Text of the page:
At the last congress of Rifondazione Comunista (2005) the Italian Marxists of FalceMartello presented their own national document. A comrade sent a letter questioning the kind of transitional demands presented. Here we publish the letter with a reply from the Italian Marxists, an interesting debate on what kind of demands should be raised at each turn of events.
Letter from a New Zealand comrade
True, the document calls for "the nationalisation under workers' control, without compensation except for small shareholders, of all industries privatised over the last few years". This is very good, but of course not decisive. Also, "For the heavy taxation of the large financial institutions as the first step towards the complete expropriation of large financial estates." I have never seen a demand like that one coming from the Marxists. If the Italian Marxists are calling foe the nationalisation of the financial institutions, a classic demand in other transitional programs, why not just say so? Instead, we have a somewhat ambiguous formulation: what is being proposed here? Nationalisation? Or taxation "till the pips squeak", as the British right-reformist Labour politician Denis Healy once said? These are two different things and I do not understand why a transition from one to the other is being proposed here.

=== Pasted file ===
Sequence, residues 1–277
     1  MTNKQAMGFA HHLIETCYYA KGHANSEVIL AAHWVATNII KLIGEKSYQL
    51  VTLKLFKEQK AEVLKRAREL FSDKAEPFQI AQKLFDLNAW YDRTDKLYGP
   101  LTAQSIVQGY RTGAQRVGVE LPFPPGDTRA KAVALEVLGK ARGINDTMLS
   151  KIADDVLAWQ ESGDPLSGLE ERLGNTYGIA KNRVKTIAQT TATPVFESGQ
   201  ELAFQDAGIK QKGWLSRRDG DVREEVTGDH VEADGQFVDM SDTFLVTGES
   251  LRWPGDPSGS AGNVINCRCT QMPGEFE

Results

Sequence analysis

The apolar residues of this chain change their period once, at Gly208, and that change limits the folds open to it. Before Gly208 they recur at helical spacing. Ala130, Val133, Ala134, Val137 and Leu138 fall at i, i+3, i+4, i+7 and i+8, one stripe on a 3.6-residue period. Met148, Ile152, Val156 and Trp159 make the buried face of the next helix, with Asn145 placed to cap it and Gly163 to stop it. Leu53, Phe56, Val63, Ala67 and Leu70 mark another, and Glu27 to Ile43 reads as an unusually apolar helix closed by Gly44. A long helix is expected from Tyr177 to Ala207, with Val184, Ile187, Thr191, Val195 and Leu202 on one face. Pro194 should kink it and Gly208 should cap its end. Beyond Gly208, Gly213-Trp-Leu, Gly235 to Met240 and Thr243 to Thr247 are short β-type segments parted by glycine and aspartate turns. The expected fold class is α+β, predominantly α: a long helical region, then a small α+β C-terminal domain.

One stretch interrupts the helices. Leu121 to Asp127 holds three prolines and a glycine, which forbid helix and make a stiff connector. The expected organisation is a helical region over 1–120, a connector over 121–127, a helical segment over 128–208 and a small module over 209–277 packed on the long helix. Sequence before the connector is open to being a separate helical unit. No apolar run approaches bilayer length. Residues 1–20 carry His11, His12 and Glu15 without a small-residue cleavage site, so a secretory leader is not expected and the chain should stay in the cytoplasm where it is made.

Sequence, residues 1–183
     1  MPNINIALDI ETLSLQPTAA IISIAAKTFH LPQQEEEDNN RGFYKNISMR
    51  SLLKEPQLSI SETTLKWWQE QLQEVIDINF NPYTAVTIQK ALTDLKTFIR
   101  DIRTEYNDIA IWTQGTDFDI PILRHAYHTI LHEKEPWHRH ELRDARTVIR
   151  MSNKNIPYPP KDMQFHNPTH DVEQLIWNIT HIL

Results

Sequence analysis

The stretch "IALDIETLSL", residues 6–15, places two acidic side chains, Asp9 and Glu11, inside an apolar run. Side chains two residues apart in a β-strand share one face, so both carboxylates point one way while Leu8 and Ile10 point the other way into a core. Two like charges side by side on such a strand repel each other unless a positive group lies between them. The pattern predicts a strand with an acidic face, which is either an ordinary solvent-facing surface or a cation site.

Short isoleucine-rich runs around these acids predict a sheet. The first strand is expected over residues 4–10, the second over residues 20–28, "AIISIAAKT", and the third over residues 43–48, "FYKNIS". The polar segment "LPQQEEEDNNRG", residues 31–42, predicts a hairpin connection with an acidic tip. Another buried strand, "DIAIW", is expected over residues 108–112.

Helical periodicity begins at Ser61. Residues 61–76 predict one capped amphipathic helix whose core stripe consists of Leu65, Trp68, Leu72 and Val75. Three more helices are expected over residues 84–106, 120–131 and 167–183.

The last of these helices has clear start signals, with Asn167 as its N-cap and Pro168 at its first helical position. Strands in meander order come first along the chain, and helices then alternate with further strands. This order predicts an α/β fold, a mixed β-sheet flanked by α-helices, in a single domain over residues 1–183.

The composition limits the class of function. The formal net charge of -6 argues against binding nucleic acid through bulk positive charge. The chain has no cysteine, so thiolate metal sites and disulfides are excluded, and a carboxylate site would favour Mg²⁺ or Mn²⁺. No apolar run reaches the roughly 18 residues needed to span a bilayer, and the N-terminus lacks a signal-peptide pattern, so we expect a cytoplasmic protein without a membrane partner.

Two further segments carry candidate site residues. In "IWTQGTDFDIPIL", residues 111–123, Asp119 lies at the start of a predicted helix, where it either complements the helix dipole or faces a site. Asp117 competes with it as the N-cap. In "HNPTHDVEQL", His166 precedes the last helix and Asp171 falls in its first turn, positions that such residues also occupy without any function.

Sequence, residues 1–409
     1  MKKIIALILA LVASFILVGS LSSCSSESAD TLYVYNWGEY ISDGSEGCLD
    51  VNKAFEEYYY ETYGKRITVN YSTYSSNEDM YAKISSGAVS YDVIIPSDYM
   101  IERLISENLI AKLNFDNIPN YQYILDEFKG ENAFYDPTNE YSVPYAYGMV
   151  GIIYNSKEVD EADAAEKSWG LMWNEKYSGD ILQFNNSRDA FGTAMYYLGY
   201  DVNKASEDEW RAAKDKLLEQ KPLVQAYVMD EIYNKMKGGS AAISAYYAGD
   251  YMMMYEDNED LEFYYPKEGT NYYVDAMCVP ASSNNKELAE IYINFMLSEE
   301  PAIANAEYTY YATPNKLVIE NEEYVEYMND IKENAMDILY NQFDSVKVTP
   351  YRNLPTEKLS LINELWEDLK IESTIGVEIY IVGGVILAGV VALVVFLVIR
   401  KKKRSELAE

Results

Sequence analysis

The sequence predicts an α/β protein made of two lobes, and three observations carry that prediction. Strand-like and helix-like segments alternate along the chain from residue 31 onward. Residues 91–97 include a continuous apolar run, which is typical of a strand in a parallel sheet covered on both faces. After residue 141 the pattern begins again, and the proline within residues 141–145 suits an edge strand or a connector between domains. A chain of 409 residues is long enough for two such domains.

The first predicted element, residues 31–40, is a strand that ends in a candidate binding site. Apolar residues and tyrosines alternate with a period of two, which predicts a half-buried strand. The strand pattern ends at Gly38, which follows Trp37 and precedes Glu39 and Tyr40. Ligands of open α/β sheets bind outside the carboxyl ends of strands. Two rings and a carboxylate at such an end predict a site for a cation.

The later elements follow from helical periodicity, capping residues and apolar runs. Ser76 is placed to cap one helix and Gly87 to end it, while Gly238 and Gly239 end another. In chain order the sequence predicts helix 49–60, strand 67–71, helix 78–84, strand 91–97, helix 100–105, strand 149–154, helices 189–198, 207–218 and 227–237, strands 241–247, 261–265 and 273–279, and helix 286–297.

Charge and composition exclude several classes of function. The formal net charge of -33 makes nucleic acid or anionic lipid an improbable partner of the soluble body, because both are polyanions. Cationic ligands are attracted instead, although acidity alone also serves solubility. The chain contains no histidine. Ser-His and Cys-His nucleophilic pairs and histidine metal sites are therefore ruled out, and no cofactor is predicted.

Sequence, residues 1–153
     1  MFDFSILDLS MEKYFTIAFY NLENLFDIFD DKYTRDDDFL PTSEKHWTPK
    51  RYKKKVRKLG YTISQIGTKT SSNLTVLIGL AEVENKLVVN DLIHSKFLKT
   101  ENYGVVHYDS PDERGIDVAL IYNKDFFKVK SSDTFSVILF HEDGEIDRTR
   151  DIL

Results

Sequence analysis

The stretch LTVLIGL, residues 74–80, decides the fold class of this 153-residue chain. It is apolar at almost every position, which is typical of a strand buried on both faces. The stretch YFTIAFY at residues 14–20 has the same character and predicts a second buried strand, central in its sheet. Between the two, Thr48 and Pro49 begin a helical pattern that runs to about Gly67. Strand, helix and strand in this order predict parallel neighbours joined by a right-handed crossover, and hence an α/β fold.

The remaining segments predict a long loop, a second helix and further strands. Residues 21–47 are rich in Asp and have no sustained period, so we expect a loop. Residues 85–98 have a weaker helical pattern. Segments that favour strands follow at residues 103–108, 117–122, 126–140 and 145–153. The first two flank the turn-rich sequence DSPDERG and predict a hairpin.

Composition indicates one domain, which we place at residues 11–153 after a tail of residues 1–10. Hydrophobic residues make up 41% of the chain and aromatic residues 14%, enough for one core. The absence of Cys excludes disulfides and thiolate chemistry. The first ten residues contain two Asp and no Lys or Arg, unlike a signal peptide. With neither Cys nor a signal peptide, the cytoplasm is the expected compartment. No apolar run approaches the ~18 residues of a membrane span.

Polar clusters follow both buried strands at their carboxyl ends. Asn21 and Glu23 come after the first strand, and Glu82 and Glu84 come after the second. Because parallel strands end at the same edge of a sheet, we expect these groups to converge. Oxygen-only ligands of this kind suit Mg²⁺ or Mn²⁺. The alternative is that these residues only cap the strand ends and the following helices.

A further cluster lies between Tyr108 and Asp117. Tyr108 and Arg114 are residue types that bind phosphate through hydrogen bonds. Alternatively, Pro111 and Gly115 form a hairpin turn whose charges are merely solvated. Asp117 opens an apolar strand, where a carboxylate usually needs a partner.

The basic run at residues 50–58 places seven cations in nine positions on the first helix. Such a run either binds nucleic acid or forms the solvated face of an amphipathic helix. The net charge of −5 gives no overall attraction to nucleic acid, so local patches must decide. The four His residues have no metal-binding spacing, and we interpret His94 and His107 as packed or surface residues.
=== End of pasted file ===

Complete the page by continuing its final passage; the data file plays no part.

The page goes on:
Elsewhere in the document, the comrades rightly criticise the Lula government in Brazil for trying to be "half capitalist half socialist". But the program presented in the Italian document appears to have the same flaw, even though it is a thousand times bolder than Lula's program. If the financial institutions were nationalised and serious attempts were made to fulfil the other demands presented, the decisive power of the capitalists would not be broken and yet the actions taken would be totally unacceptable to the Italian capitalists. Unless the program were to be ramped up to include the nationalisation of the commanding heights of the economy with enough time to spare, there would be a danger of counter-revolution. As the Marxists have often pointed out, a revolution cannot just be improvised at the last moment.